The year is 1793, and the king stands on trial. Gathered by the hundreds in a profoundly theatrical space—the salle du manège, formerly used for equestrian shows—spectators feasting on oranges and liqueurs observe the judges below, loudly jeering, applauding, and debating their every word. But what are they really watching? Are the men below actually judges? For months now, the deputies of the National Convention have tried, many reluctantly, to perform this role, to act as judges, despite lacking the training or credentials for it. They cannot even claim to be impartial: most have already publicly affirmed Louis XVI's guilt, giving the trial a seemingly scripted denouement (only the punishment remains unknown). Spectators, actors, and a script—it is easy to see why the proceedings against the king have traditionally been portrayed as a show trial, an early example of the political parodies of justice that the Jacobins would stage during the Terror to eliminate rival factions.
And yet . . . if the purpose of a show trial is to publicize the guilt of an accused, why, then, did the Jacobins fight so hard to have no trial at all, just a summary execution? Why did they repeatedly claim that the king had been found guilty during the 10 August insurrection—that he was, in fact, already dead—and that any trial would therefore amount to mere theater, an artificial repetition of the king's condemnation at the hands of the people? Once the trial of the century had nevertheless begun, why did they interrupt it to forbid the performance of a play, L'Ami des lois, that made it possible for a broader audience to participate in the king's judgment by reenacting key aspects of the case against him? It is true that L'Ami des lois and at least three other plays like it sided with the king, but if this was the sole reason behind the Jacobins' anger, why did they extend their refusal to dramatize the king's trial to performances aligned with their views, as when they rejected several proposals to commemorate the anniversary of the king's beheading with theatrical reenactments of his trial and execution? Lastly and, perhaps, most tellingly, why was it the Jacobins, not the Girondins, who most frequently accused their enemies of practicing a theatrical mode of justice?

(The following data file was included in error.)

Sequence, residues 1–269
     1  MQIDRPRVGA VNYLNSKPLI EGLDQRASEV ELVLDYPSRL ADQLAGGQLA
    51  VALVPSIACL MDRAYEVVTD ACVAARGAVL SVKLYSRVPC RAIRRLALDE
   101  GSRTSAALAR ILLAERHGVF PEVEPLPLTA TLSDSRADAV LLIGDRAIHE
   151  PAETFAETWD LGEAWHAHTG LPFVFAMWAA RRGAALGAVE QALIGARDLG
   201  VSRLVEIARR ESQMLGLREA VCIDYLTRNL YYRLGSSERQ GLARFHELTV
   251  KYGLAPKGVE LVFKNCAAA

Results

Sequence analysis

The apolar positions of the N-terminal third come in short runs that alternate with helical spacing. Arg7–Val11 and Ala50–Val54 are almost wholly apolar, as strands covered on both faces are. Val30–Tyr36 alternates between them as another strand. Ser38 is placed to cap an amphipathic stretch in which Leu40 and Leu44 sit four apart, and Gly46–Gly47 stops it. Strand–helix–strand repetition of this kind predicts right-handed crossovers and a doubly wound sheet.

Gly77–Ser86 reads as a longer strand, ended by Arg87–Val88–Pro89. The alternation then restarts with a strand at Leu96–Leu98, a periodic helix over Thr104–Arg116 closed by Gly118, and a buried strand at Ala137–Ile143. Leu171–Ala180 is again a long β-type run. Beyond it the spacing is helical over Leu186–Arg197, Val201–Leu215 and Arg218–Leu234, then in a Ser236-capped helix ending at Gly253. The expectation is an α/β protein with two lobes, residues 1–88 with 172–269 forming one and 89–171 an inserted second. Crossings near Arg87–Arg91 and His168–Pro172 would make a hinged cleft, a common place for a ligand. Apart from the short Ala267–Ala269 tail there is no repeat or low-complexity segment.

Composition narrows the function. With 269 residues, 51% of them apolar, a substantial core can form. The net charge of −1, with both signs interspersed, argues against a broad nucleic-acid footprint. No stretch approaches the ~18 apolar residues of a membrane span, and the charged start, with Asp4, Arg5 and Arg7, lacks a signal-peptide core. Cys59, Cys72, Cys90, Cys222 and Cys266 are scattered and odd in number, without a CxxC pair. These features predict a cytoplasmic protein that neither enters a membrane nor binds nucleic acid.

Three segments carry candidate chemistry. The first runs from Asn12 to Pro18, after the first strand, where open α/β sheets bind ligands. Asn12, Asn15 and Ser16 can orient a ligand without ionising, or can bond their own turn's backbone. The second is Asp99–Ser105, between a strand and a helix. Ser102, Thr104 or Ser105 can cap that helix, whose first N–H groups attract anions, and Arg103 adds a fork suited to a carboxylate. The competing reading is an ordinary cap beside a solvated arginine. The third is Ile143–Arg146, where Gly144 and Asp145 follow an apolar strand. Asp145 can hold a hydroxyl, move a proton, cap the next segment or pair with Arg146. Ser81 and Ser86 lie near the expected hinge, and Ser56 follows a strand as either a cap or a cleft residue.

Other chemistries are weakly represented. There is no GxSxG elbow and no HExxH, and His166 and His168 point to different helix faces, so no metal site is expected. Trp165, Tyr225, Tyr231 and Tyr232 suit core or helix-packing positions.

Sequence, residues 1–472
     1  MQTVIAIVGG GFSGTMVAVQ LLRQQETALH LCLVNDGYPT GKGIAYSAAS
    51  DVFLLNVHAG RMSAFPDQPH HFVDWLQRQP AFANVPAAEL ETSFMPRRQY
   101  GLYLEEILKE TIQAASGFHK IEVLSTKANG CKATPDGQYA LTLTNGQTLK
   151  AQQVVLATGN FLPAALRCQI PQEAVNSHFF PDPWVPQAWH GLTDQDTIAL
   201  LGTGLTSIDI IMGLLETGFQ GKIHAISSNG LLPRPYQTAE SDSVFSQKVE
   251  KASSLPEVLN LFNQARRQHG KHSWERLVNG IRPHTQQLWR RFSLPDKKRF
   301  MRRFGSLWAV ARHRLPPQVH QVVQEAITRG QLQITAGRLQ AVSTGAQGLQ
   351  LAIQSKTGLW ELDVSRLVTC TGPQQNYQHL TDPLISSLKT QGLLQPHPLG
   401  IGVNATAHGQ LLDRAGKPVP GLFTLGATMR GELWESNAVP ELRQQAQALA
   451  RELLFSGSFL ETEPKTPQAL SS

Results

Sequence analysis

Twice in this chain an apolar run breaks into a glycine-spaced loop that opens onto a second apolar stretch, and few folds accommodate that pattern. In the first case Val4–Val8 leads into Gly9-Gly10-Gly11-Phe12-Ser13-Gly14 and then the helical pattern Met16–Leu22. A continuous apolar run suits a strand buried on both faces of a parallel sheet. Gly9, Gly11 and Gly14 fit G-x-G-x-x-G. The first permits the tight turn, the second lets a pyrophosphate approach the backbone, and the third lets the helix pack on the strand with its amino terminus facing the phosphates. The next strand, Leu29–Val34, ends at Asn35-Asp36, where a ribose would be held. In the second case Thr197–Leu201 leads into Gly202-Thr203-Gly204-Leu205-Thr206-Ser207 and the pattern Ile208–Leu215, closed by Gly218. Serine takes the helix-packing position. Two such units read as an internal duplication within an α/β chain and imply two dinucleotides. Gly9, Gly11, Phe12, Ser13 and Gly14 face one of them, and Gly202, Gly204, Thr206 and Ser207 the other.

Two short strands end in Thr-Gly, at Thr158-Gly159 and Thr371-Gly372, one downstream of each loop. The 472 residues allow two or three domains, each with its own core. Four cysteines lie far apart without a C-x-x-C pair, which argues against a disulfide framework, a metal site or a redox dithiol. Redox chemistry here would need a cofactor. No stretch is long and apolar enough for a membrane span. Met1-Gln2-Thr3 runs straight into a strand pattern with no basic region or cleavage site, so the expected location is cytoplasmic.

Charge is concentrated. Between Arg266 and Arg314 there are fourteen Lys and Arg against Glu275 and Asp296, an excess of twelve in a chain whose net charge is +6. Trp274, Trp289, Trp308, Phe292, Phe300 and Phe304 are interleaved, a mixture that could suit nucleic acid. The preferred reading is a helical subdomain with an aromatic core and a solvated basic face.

These questions, to which I return in Chapter 7, reveal the need to rethink the standard narratives on the evolution of both theater and justice in eighteenth-century France. As we will see, the first narrative holds that theater, under the influence of bourgeois drama, began to drift toward pure entertainment and illusionism in the decades preceding the Revolution—further and further away, therefore, from any direct, judicial involvement in current affairs. The second narrative, a mirror image of the first, maintains that the justice system moved away from theatricality, as it shifted from an iconic, visual foundation (royal displays) to a rational, textual one (codes of law). The plays and trials of the Revolution hardly fit these two narratives, however. For that reason, they are typically discounted as a historical blip, an anomaly caused by the Jacobins' penchant for injecting politics everywhere, which blurred the line between theater and justice by turning the former into propaganda and the latter into show trials like the king's. Yet if, as their reaction to the king's trial and to its theatrical reenactments suggests, the Jacobins opposed the profound intertwining of justice and theater during the Revolution, where did it actually come from?
This book provides an answer, one that turns upside down the standard histories both of French theater and of French justice. Its first section ("Theater as Justice") uncovers, starting in the 1750s, numerous plans and attempts, including successful ones, to transform the theater into an instrument of justice, exposing criminals by name, recreating hidden transgressions on stage, and reenacting contemporary trials. The next section ("Justice as Theater") reveals that many of the illustrious eighteenth-century figures who campaigned to reform the justice system explicitly modeled trials on the theater, even recommending that judges imitate the emotional, instinctual judgments of dramatic spectators and that lawyers seek private lessons from actors. The last section ("The Revolution's Performance of Justice") studies the realization of these parallel projects in the early years of the Revolution and the ensuing backlash as the Jacobins grew concerned that this new performance of justice placed greater emphasis on performance than it did on justice. This alternative history of justice and theater in France explains why the Jacobins attempted to limit the theatricality of the king's trial and not, as is commonly believed, to turn it into a show trial. They understood Louis XVI's trial as I do, not as a historical blip, but as its opposite: a culmination. In this account, the king's trial does not mark a beginning (the start of a momentary, aberrant mixing of justice and theater) but a peak, at once the apex of a fifty-year evolution that saw the theater grow ever-more judicial and justice ever-more theatrical and the start of its decline.